Groundnut (Apias americana) has just come into bloom. This plant grows as a vine, usually twining its way through and over any nearby shrubs or tall plants like goldenrod. Its flowers often can’t be seen because of all the foliage and when they are seen you usually see a view like the one in the above photo.

But it’s worthwhile to look a little closer because groundnut flowers come in pink, purple or reddish brown. They are complicated things but they always remind me of the helmets worn by Spanish conquistadors. Indeed Spanish explorers most likely would have seen the plant, because its potato like tuberous roots were a very important food source for Native Americans from New England to Florida. It has been found in archeological digs of Native settlements dating back 9,000 years. Not surprisingly another name for it is Indian potato.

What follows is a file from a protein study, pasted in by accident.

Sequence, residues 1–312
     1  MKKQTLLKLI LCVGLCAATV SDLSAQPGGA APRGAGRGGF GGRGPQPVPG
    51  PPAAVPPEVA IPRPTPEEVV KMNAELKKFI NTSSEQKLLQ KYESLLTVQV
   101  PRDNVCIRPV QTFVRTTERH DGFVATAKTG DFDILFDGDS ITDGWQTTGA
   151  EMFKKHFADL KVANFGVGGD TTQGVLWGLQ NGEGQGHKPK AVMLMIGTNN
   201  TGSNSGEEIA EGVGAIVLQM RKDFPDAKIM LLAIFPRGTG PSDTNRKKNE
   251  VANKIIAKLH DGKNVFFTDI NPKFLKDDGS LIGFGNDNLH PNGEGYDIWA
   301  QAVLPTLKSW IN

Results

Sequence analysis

From the side groundnut flowers look even more like a helmet. They’re very unusual flowers.

I saw this clematis from quite a distance and decided to look a little closer because I liked its plum color.

But this clematis came in two shades of plum. This darker shade appears on the new flowers and they lighten as they age.

This plant has had me scratching my head for a few years now. At first I thought that it might be the mountain hollyhock (Iliamna rivularis) which is a small flowered native with maple shaped leaves, but the USDA says that it doesn’t grow in this area of the country. Blogging friend Clare Pooley thought that it might be Marsh mallow (Althaea officinalis) but again the USDA says that plant doesn’t grow naturally in this area. And that is the hitch; this plant is in a garden so it isn’t growing naturally, and that means that it could be anything. I’ve read that the calyx and a few other identifying features will tell the tale so I’ve got to get back and take more photos.